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THE ALASKA DAILY EMPIRE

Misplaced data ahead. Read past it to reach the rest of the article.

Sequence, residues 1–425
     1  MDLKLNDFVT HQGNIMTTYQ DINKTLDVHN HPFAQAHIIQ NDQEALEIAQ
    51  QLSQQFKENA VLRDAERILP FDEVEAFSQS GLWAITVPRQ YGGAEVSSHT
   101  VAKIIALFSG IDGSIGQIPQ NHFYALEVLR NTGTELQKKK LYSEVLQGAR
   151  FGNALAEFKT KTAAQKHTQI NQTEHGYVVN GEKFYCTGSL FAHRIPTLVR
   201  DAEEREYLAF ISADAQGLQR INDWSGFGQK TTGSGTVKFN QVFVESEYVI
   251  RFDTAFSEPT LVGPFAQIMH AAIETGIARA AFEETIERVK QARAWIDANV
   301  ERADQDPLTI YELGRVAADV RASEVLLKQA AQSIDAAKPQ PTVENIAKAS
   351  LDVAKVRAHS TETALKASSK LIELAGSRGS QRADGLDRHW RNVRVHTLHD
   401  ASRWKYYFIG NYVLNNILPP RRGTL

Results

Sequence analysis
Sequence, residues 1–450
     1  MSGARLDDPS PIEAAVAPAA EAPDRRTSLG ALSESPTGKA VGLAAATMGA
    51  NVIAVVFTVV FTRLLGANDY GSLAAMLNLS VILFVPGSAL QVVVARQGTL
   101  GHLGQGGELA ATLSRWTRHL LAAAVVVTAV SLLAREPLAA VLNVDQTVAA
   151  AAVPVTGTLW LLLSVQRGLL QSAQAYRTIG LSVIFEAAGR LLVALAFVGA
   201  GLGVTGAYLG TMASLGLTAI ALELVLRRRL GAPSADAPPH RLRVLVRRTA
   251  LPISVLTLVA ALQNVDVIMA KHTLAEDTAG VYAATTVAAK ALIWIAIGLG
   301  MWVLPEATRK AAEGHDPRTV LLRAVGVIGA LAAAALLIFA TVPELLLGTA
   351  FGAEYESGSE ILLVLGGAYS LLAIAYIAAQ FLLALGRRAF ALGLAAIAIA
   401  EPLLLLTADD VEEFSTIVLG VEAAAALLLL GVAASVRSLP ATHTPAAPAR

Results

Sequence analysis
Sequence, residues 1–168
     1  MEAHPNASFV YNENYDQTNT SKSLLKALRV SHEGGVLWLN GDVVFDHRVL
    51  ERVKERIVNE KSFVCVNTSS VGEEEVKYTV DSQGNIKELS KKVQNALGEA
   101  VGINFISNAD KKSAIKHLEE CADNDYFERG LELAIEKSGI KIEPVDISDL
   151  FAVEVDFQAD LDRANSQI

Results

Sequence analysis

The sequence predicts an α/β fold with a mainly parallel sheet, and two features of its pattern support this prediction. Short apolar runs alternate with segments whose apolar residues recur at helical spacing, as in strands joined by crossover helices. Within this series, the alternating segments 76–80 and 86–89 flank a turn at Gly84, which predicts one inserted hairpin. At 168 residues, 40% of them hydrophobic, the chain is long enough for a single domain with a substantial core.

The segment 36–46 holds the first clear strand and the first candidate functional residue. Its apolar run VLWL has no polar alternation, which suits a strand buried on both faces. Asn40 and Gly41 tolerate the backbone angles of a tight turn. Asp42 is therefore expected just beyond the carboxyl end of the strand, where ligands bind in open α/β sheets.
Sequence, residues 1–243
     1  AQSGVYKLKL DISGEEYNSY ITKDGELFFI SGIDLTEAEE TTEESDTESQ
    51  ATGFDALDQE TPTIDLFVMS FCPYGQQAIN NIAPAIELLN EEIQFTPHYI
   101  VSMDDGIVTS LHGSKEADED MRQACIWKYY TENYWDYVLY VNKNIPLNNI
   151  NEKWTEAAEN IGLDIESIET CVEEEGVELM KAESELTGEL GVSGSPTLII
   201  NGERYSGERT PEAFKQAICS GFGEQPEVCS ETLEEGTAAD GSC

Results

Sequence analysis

VOL. 1. NO. 7S. JUNEAU, ALASKA. TUESDAY, FEBRUARY 4,1913. PRICE TEN CENTS FISHER'S DOG-IN-THE-MANGER POUCY ( A Chain of Wireless Stations to San Francisco According to Sidney Smith, of the Algunican Development Company, the Marconi Company contemplates in stalling a perfect and complete chain of stations all along the Pacific Coast -a system that will gi\e uninterrupt ed service between Alaska points. San Francisco, Seattle. Portland and Van couver. The Algunican Development Com pany co-operates with the Marconi Company in maintaining a 5-kilowat station at Jualin at the present time. It is the intention of the Marconi Company to install six or eight more stations in the North. There will be one at Yakutat. another at Chicha gotf. probably one at Skagway. or Haines. The plant at Juneau Is to be in creased from its present inefficient capacity to a 5- or lt)-kilowat station. There has been a lot of unjust crit icism by uninformed persons about the management of the Juneau station Mr. Smith thinks th?- fault is in the station not the operation. The other day the Jefferson was attempting to let Juneau know of her approach. Ju neau heard the Jefferson all right, but the Jefferson could not hear Juneau. However. Jualin did hear Juneau and picking up Juneau's reply to the Jef ferson. sent it to the ship. But Ju ! wan was not able to hear Jualin and kept repeating the answer to the Jef ferson's notice until the JefTerson made known that the answer was re ceived through Jualin. The other day there was an accident at Jualin. The story was sent to Juneau?Prince Ru : pert got it but Juneau failed to re spond. This demonstrates that the Juneau station is inefficient both for receiving and sending. The plants at Petersburg will un doubtedly be enlarged and there will probably be one built at Wrangell. It is planned to establish stations all along the coast until the chain is complete. The commercial rate will be made much lower than the present cable rates, but whether or not there will be a press rate has not been an nounced. Mr. Smith is enthusiastic over the prospect of getting direct communica tion from the isolated mining camps like Jualin. with the outside world. The prospect should also appeal to the Alaska business men. The prom ise of direct communication, not only with the large commercial cities of the States, but with their customers at a distance from the trade centers should be welcomed by all Alaska bus iness men. The proposed enterprise will probably receive universal encour agement. Abstract of the Decision in Whorf Coal Land Case The local land office is in receipt of the decision of the department of the interior in the case of \V. G. Whorf. who made a coal land entry at i'ort Graham on February S. lt*10. for 05.101 acres. The land in ques tion is situated in the Cook inlet re cording district. Juneau land district and the entry was based on a notice of location made by Whorf April 26. 19"5. under the provisions of the act of April 2S.1904. From an investigation of the en try made by the field service of the general land otlice it developed that Louis Levy claimed an undivided one half interest in the entry on account of a "grubstake" agreement between himself and Whorf. entered into Jan. IT. 1903. and also on account of a lo cation of a portion of the area in ques tion. with other ground, made by Whorf in 1903, which purported loca tion. however, was later, and prior to the present location abandoned. It was also suggested that one Jules Redelsheimer was interested to some extent in said entry. The land office directed that proceedings be had in the case in accordance with the cir cular of Jan. 9. 1911. on the charges that Whodf did not locate and file upon the land embraced in his entry in good faith: that the entry was made pursuant to an unlawful agreement with Levy; that prior to the applica tion for patent Whorf sold and re leased. by quit claim, deed dated July 29. 1907. to Jules Redelsheimer, the land embraced in the entry and thereafter, in violation of law, filed application for patent in his own name. A hearing was had before the chief of the field department, in Seattle. Sept. IS. iyi2, at which Whorf, Kedel sheirner. Levy, and other, testified. The evidence adduced showed that the only interest Kedelshelmer had i in the claim is that of a mortgage, it being shown that he loaned the money . to Whorf which was used in paying for the land and in developing and equipping the claim. Conceding, however, that the entry was made in the interest of one or both of said parties, it nevertheless appears that each is qualified to make entry under the coal land laws, j The decision quotes from the case J of the United States vs. Colorado An thracite Company?"while the coal land law does not expressly prohibit an entry by one person for the bene fit of another, it does limit the quan | tity of land that may be acquired thereunder by one person to 160 acres and the quantity that may be acquired i by an association of persons to 320 acres, and in exceptional instances, 640 acres." The entry here in question em braces but a trifle more than 65 acres of land?less than might be entered by an individual and necessarily less than migbt be entered by an assocla ! tion of qualified individuals. Under the circumstances it is not necessary to give further considera tion to the possible rights of Levy or Redelsheimer in the premises, ; both being shown to be qualified en trymeu under the coal land laws. The claims asserted by Levy should come before a court of equity. The de partment believes that the entry should be passed to patent in Whorf's name. The decision is signed by Sam uel Adams. First Assistant Secretary 1 of the Interior. APPELLATE COURT ON COAL ENTRY For the information of the local land Otflce a copy of the decision of the Circuit Court of Appeals of the Kight Circuit in the case of the United States vs. the Home Coal and Coke Company, and the Haldy Coal Company, was r- ceived by the local1 offices yesterday. The area invoiveu is coal lands in Colo ;,do. The decision in effect holds that an entry of a coal claiui may be made by any person for the use n.nd benefit of any other person qual ified to make a coal land entry, the only restriction being that of area which must not exceed ICO acres, and that the ostensible entrvman does not ?nak. the entry by any misrepresenta tion or deceit or fraud as to the real parth s in interest. RECORD CRIMINAL TRIAL TOR JUNEAU The trial of l'ete Bicchieri yester day on the indictment charging as sault with a dangerous weapon was finished in record time. The case went to trial yesterday morning at ten o'clock. The jury was recureti and the evidence of the gov ernment nearly all in by 12 o'clock. Tn the afternoon the defense had fin ished and the jury had the case by five o'clock. An hour later the jury brought in a verdict of guilty of sim ple assault. SOCCER NEXT SUNDAY There will be a soccer game at Douglas next Sunday between Tread well and Juneau teams. Kvery thing that will please a smok er nay be found at BURFORD'S. Quartz Strike In Nevada RENO, Nov., Feb. 4.?All Nevada and the adjoining States, are in a blaze of excitement over a fabulous gold strike made near this city. The strike was made at a new camp called "Rochester." on Netzel moun tain. not for from Reno. A vein has been uncovered which carries two hundred ounces, of silver and four hundred dollars in gold to the ton. Prospectors, miners and all kinds and conditions of men are rushing to the camp. RIBY LARGEST YUKON CAMP "Ruby City has five saloons, two blacksmith shops, two bath houses, two laundries, two shoemakers, a hos pital. a" school, a machine shop, one livery stable and one meat shop. .Many old-time Klondikers and a good many former Fairbanks people are there. "Prospecting is under way on the creeks, but not many streams have shown gold in paying <11 mtities. Long creek is the best, and a number or dumps are being taken out there this winter," says a visitor to that sec tion. "Ruby is one of the largest towns in the Yukon valley. It is the second in size on the Yukon river, being next to Dawson. Ruby might apolo gize for not providing more places for humanity to fight ofT the menace of thirst. Its miserable showing with only five saloons is a sad commentary. Fairbanks has a few more, but they are poorly patronized, and both towns easily are outnumbered by old Daw son and her twenty-four drink empor-j iums now running full blast." A. F. Engelhardt, license inspector and collector for th Yukon Territory, explains to the Dawson News that Dawson has eight saloons and seven-1 teen hotels licensed to sell liquors, j mtiking a total of twenty-five retail i places. She also has two wholesale houses. Roadhouses in N ukon 1 erri-1 torv are licensed to sell liquor in sum mer. On the Alaska side sale of liquor! is permitted only in towns where a j marshal is stationed. The Yukon has an extensive police service not main tained in Alaska. COURT NOTES. The case against Marv Boyle and both the cases against N. Marino have been put over until next term of court. Case of Pacific Coast Company vs. John Bolster was continued to April 1. 1913. Court Sustains Demurrer After hearing the argument the court sustained the demurrer to the indictment. Shackleford & Bayless, and Z. R. Cheney, counsels for Joseph Weyer horst, and Assistant District Attorney Folsom argued the demurrer to the j indictment charging the crime of may hem. AT THE ORPHEUM "A String of Pearls." is really one of the most attractive motion picture dramas ever produced. It pleased the Orpheum audience last night. HOSPITAL NOTES. Mrs. Gravrock was operated on to day by Dr. Sloane at St. Anne's hos pital. Norman Erickson. the man operated upon by Dr. Egginton several days ago, is getting along fine and will leave St. Anne's hospital about next Friday. ASH WEDNESDAY CHURCH SERVICES Tomorrow being Ash Wednesday, there will be services in Trinity Epis copal church, as follows: Holy Com munion at 10 a. m.; evening prayer, Litany and sermon at 8 p. m. Everyone is cordially welcome. There will be a short choir rehearsal after the services in the evening, all members of the choir are requested to be present. The Daily Empire delivered in Ju neau, Douglas and Tread well for ?1.00 a month. Fisher Convicted by His Own Mouth WASHINGTON, Feb. 4.?Secretary of the Interior Walter L. Fisher was forced to admit today, before the House Committee on Territories, that he had assumed a dog-in-the-manger attitude in the matter of opening up the Alaska coal fields. Secretary Fisher intimated that this policy had been pursued by him because of President Roosevelt's with drawal of Alaska coal lands from public entry on Nov. 12, 1906 The admission of Fisher, which came as a thunder bolt out of a clear sky, was forced from him by Repre sentative Rufus Hardy, of Texas, in a hearing before the committee, of a bill, introduced by Delegate James V ickersham, of Alaska, and Senator Jones, of Washing ton, to place the hearing of Alaska coal land claims be fore a court of competent jurisdiction. In the hearing Secretary Fisher opposed the bill. He said that the courts would not be as liberal in their interpretations as the Interior Department. Appropriation For the First Alaska Legislature I There is no room for further worry over the expense account of the com ing legislative session. The Governor's oflice was yesterday advis I of the passage by the Senate oi the legislative, executive, and Ju dicial appropriation bill containing, by an amendment inserted in the meas ure in the upper branch of Congress, provision for the expense of the first Alaska legislature. The total appropriation for the pur pose of meeting the expenses of the first Maska legislature amounts to >13,200. Of this amount $21,600 is set aside for salaries of the members, which allows $000 to each member. The mileage, or transportation, ex pense of the members is provided for ' to the amount of $6,500. An item of ' $5,160 is allowed for salaries to em ployees of the legislature during its session. The sum of $5,000 is set aside to pay for the printing of laws. An item of $2,000 is allowed to pay for | rent of legislative halls and commit tee rooms. The sum of $5,000 is pro vided to pay for stationery, supplies, and for the printing of bills, reports, j etc. The same beneral appropriation bill makes provision for the support of the Governor's olllce, but does not increase the amount for that purpose, although a larger amount is urgently needed for clerk hire, in view of the added duties of that office in connec tion with the newly created legisla . ture. RATIFIES INCOME TAX AMENDMENT SANTE FE, N. M., Feb. 4. ? The ; State Legislature yesterday afternoon ratified the income tax amendment to the Constitution of the United States. Thirty-seven States have now ratified j the amendment, one more than is act-, ually required. .J. P. TUMULTY TO BE \ PRES. WILSON'S SECRETARY TRENTON, N. J., Feb. 4.?Presi- j dent-elect Wilson announced last night1 that he had selected Joseph Patrick! Tumulty as his secretary. Tumulty lias been secretary to Gov ernor Wilson ever since he was elect-] ed Governor of New Jersey. STAR SPANGLED BANNER PROUDLY WILL WAVE WASHINGTON, Feb. 4?Represen tative Levy introduced a joint reso lution making "The Star Spangled Hanner" a national anthem. The bill will pass both houses and become a law at an early date. QUARANTINE IS RAISED Today .Marshal Faulkner received word that the diphtheria quarantine had been raised in Sitka. TO JUNEAU PATRONS: I wish to announce that I am pr? pared to give prompt, and efficient service in delivering, coal htiui:;:; ir.ht, baggage, etc. HILARY McKANNA TRANSFER 'hone Order 5-7 or 55 tf DRESSMAKING?And sewing by day. Miss Irene E. Smith: address H. L. Summer's residence, or P. O. box 90. city. l-31-3t. FOUND?Gentleman's scarf pin. In quire Empire office. 2-1 Job Printing at The Empire Office. RAISING MONEY I TO HELP CHINA SAN FRANCISCO, Feb. 4. ? The Chinese residents of the principal American cities are raising four hun dred thousand dollars for the pur pose of outfitting an army to protect Chinese interest in Mongolia against the encroachments of the Russians. SPLENDID PROGRAM TO BE RENDERED TONIGHT The concert recital tonight whicn will be given by Mrs. J. V. Davis, assist ed by the best local talent, promises to be a rare treat. .Mrs. Davis' abil ity as a dramatic reader, is well at tested, and besidee a delightful pro gram has been prepared. The program will be called at nine o'clock this evening at Oddfellow's hall. INSANE MAN AT SITKA The marshal's oflice has been ad vised that a man in Sitka named Lee was adjudged insane yesterday. STANDS BY CHAPLAI N SACRAMENTO, Calif., Feb. 4.?Pro found (juiet greeted the reading in the Assembly today of a resolution for bidding the chaplain to pray for legis lation pending before the House in his invocations. It was placed on the table, 40 to 30. W. S. Killingsworth, who announced yesterday, after Chaplain Franklin K. Raker had included in his prayer a plea for a Sunday closing act, that he would offer such a resolution, at tempted to explain his position, but the motion to table cut ofT debate. FOR RENT HOGAN FLAT*; ? Four and five room apartments, unfurnished. l-28-6t. SOWERBY & BELL. Phone your subscription to The Daily Empire. Phone 3-7-4. Heifner Talks of Alaska With the President-tied TRENTON, N. J., Feb. A. -Charles, (5. Heifner, of Seattle, called on Pres ident-elect Wilson yesterday afternoon and had a lontf conference with Gov ernor Wilson. Mr. Heifner discussed the Alaska situation with the President-elect, and particularly with reference to the pol icy to be pursued in opening up the coal lands of Alaska, and conserva tion. President-elect Wilson said after the conference that .Mr. Heifntr's mission chielly to arrange for conlerences af ter the inauguration. Mr. Helfner was Governor Wilson's personal representative on the Pacfic Coast during his campaign for the presidential election, and he Is said to have the full confidence of the President-elect. Taft Inspects the Report of Railroad Commission WASHINGTON, Feb. 4.?President Tnft worked all day yesterday in specting the report of the Alaska Rail road Commission. He made volumin ous notes which will be used in the preparation of a message which in; will probably send to the Congress during the current week. it is understood t hat an soon as President Taft's message in published he will go over the situation with President-elect Wilson. A number of Alaskans, now in Washington, will leave for Trenton within a short time to have a talk with Coventor Wilson, over matters relat ing to the Territory. BALKAN WAR HAS BEEN RESUMED LONDON, Feb. 4. -The Constantino ple correspondent of the Chronicle telegraphs his paper that the Balkan war has been resumed. CONSTANTINOPLE, Feb. 4. It has been officially announced that hostil ities were resumed at seven o'clock .ist night at Adrianople and Tchatalja. Shortly after seven o'clock the Bal kan allies opened the bombardment upon Adrianople. SOFIA, Bulgaria, Feb. 4. The bom bardment of Adriauople began an hour after the expiration of the armis tice. LONDON, Feb. 4. It hat been evi dent that the allies were reluctant to resort to a resumption of hostili ties, probably due to their failure to arrange the dilliculty with Koumania, which it is believed, has not been set tled. RYAN IS RELEASED; BAIL OE $70,0001 LEAVENWORTH, Kas., Feb. 4. ? Frank M. Ryan, president of the In-1 j tcrnatfonaI Union of Bridge and Struo tural Ironworkerr' one of tlie convict- , ed dynamite conspirators, was re- j j lci .d yesterday, hail having been j, furnished to the amount of $70,000. | REDUCTION OF PARCEL POST CHARGES URGED 1 WASHINGTON, Feb. 3? Postmast- i < er-General Hitchcock in a report sug- i gests the reduction of parcel post ?harges and the increase of the weight limit. MIME. BERNHARDT COMING TO ALASKA ? PORTLAND, Ore., Feb. 4. ? "De lighted," exclaimed Sara Beanhardt, | tiie veteran French actress, when shej was informed that Juneau and Ket chikan. and Prince Rupert, B. C\, had | all made bids for her appearance in those towns. Madame Berhardt added she would go to Alaska and fill a series of per formances as soon as she had closed her engagement in San Francisco. FAMOUS NOVELIST IS DEAD IN ENGLAND ST. PAUL, Minn., Feb. 4.?A cable gram received here announces the death of Anne Warner French, the well-known American novelist. Mrs. French died at a winter resort in the south of England. GENERAL OROZSCO IS REPORTED AS BEING DEAD LOS ANGELES, Feb. 4.?Dispatches from Northern Mexico says that Gen ral Pascual Orozsco. jr., the rebel leader, is dead. It is believed here that the report is authentic. Hies wife, who resides here has not heard from him in seven months. A SNAP! FOR SALE ?One 3%-inch Studa baker wagon, gear only. ALSO, one black mare, seven years old. Inquire FEMMER & RITTER l-28-6t. LAW TO COLLECT THE INCOME TAX WASHINGTON, Feb. 4.?Democrat ic leaders in Congress say that a bill Kill be passed at the special session af Congress making provision for the levying of an Income tax in compli ance with the terms of the constitu tional amendment which lu.s received the ratification of the States. WASHINGTON, Fob. 4. ?It is an nounced that Pesident Taft will pro claim the income tax amendment as a part of the Constitution of the United States, as soon as the State Department receives ollicial notice that it has been ratified by three fourths of the States. DELAWARE LIKEWISE RATIFIES INCOME TAX DOVER, Feb. 4.?The thirty-eighth State to ratify the Income tax amend ment to the federal constitution is Delaware, the Legislature having rat ified the amendment last night. JACK JOHNSON TO BE TRIED AT ONCE CHCAGO, Feb. 4. ? United States District Attorney James H. Wilkerson lias announced that he will immediate ly begin the prosecution of Jack John son, under the Mann Act, or the "white slave" law, as it is commonly known. . The District Attorney's decision to prosecute Johnson, is th? result of the decision of the United States Su preme Court, affirming the decision of the Court of Appeals which refused to admit Johnson to bail. ZAPATISTAS KILL TWENTY FIVE MEXICAN SOLDIERS MEXICO CITY, Feb. 4.?The follow ers of General Zapata attacked a pas senger train yesterday, bound for Ozumba, killing twenty-five federal soldiers. FEMMER & RITTER See this firm for all kinds of dray, ing and hauling. We guarantee sat isfaction and reasonable prices. Coai delivered promptly. Feminer & Rit ter's Express. Stand Burford's Cor ner. Phone 314. Residence phones 402 or 403. ???